More on the Common Core!
This last week the California legislature voted to suspend standardized testing for all public school students for the 2013-14 year. (Here’s who voted for and against). This was based on the idea that we are transitioning from the California state standards to the Common Core standards. In this transitional year, many districts are spending their money on updating their technology, professional development and practice tests for the Common Core. Teachers, administrators and districts do not want to test students on the old standards while they are preparing students using the new standards. Testing kids on both would be a monumental task, stress students, teachers and schools, pull everyone in two directions at once, and stretch districts’ resources – all the while taking time away from actual teaching and learning.
“Our lives begin to end the day we become silent about things that matter.” – Martin Luther King, Jr.
This last week marked the 50th anniversary of the March on Washington in which Martin Luther King, Jr. gave his “I have a dream” speech.
In this speech, Martin Luther King talked about an integrated society in which black and white children would go to school together. I listened to parts of this speech over 15 times when I was a freshman in Clara Luper’s American History class at John Marshall High School in Oklahoma City.
As you know me, you know I read a lot about education. I love it. It’s what I often do instead of lesson planning and grading late at night. Sometimes I forward articles to my friends and colleagues. Lately, I’ve been reading lots and lots of articles both for and against the Common Core State Standards, now adopted by almost all the states.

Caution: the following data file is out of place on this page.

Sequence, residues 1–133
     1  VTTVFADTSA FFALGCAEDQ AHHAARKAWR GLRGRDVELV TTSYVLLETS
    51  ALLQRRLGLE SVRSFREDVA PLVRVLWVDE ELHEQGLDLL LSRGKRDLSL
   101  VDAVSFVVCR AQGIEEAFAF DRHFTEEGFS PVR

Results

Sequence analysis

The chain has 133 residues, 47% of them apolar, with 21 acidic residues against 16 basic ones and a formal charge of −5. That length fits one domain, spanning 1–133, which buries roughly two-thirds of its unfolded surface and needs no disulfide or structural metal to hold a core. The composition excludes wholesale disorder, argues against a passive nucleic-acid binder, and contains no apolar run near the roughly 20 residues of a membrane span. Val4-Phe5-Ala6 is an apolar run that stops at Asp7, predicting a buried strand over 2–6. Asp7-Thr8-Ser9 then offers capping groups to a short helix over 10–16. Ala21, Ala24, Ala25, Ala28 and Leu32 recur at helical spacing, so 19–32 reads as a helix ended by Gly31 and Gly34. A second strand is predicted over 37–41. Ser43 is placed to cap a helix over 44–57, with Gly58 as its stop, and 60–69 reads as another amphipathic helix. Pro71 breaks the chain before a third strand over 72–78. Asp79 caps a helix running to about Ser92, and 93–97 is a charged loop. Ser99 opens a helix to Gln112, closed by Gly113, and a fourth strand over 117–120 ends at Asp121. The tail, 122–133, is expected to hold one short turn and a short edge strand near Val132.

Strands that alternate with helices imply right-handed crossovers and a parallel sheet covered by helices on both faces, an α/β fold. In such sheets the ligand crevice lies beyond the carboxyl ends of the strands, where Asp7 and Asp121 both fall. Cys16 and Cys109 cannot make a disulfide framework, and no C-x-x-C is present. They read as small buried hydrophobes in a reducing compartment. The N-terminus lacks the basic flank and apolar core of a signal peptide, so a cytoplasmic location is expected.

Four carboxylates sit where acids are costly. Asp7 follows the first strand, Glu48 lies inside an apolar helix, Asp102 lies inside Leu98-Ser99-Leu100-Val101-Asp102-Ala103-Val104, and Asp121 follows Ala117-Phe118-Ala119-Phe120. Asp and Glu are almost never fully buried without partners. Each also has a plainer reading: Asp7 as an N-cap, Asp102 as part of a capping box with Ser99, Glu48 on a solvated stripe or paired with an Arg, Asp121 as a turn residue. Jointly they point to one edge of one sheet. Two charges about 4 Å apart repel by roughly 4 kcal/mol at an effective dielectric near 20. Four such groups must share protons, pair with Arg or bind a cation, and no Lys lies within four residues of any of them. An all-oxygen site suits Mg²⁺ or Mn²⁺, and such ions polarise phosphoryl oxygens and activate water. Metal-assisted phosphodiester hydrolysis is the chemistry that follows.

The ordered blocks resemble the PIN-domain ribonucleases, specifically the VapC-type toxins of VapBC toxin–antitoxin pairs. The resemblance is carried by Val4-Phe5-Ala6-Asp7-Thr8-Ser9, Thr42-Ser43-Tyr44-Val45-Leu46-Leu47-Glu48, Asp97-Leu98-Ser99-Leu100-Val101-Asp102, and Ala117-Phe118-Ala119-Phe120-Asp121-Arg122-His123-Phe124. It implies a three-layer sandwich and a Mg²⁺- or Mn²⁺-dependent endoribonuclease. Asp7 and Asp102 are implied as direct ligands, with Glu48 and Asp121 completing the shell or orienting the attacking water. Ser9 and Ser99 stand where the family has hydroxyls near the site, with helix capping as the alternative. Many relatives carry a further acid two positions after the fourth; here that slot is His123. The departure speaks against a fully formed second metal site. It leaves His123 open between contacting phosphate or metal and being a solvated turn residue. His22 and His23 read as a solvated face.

I have no idea what the answer is on Honors classes and heterogeneous classrooms. I debated this one in my Education program 10 years ago (no one got to choose the side they argued for, and I got to argue for tracking), but I feel like I have a new epiphany every day I teach about which way it should go.
I teach at a highly tracked school with the richest members of the community and the poorest immigrant kids from Tonga and Latin America in my district. My school is nothing but tracked. There are virtually no Latino, black or Tongan kids names on the GATE lists (unless someone like me nominates one which means that not a single teacher in their 7-10 years of schooling noticed that that this kid was bright); and the honors and AP classes are packed with Asian and white kids at a 40% Latino school.